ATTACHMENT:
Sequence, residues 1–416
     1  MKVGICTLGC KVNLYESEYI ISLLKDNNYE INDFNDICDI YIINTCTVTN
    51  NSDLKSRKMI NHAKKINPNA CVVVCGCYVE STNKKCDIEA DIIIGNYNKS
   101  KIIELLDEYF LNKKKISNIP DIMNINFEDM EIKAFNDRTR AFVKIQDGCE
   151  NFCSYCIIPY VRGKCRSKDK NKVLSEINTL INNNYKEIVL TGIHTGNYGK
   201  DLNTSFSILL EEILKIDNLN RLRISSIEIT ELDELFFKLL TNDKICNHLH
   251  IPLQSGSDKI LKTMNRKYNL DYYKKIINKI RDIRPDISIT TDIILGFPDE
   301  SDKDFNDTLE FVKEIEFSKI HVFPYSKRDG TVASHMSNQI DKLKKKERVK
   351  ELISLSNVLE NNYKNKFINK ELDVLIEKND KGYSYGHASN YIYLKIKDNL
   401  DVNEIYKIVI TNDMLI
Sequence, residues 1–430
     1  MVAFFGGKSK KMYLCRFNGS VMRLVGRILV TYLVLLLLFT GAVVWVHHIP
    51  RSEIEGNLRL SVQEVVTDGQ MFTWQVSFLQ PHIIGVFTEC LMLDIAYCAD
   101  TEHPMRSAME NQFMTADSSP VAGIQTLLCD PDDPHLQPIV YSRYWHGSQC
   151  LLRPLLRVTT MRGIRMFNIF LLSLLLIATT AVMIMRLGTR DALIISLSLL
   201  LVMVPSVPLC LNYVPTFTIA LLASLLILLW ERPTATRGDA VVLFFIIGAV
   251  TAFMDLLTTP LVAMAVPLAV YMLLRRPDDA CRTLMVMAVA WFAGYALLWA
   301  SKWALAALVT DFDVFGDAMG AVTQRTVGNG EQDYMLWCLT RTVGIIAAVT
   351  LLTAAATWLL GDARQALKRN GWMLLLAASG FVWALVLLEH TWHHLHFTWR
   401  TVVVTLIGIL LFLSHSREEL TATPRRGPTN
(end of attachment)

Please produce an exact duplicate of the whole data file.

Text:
Sequence, residues 1–416
     1  MKVGICTLGC KVNLYESEYI ISLLKDNNYE INDFNDICDI YIINTCTVTN
    51  NSDLKSRKMI NHAKKINPNA CVVVCGCYVE STNKKCDIEA DIIIGNYNKS
   101  KIIELLDEYF LNKKKISNIP DIMNINFEDM EIKAFNDRTR AFVKIQDGCE
   151  NFCSYCIIPY VRGKCRSKDK NKVLSEINTL INNNYKEIVL TGIHTGNYGK
   201  DLNTSFSILL EEILKIDNLN RLRISSIEIT ELDELFFKLL TNDKICNHLH
   251  IPLQSGSDKI LKTMNRKYNL DYYKKIINKI RDIRPDISIT TDIILGFPDE
   301  SDKDFNDTLE FVKEIEFSKI HVFPYSKRDG TVASHMSNQI DKLKKKERVK
   351  ELISLSNVLE NNYKNKFINK ELDVLIEKND KGYSYGHASN YIYLKIKDNL
   401  DVNEIYKIVI TNDMLI
Sequence, residues 1–430
     1  MVAFFGGKSK KMYLCRFNGS VMRLVGRILV TYLVLLLLFT GAVVWVHHIP
    51  RSEIEGNLRL SVQEVVTDGQ MFTWQVSFLQ PHIIGVFTEC LMLDIAYCAD
   101  TEHPMRSAME NQFMTADSSP VAGIQTLLCD PDDPHLQPIV YSRYWHGSQC
   151  LLRPLLRVTT MRGIRMFNIF LLSLLLIATT AVMIMRLGTR DALIISLSLL
   201  LVMVPSVPLC LNYVPTFTIA LLASLLILLW ERPTATRGDA VVLFFIIGAV
   251  TAFMDLLTTP LVAMAVPLAV YMLLRRPDDA CRTLMVMAVA WFAGYALLWA
   301  SKWALAALVT DFDVFGDAMG AVTQRTVGNG EQDYMLWCLT RTVGIIAAVT
   351  LLTAAATWLL GDARQALKRN GWMLLLAASG FVWALVLLEH TWHHLHFTWR
   401  TVVVTLIGIL LFLSHSREEL TATPRRGPTN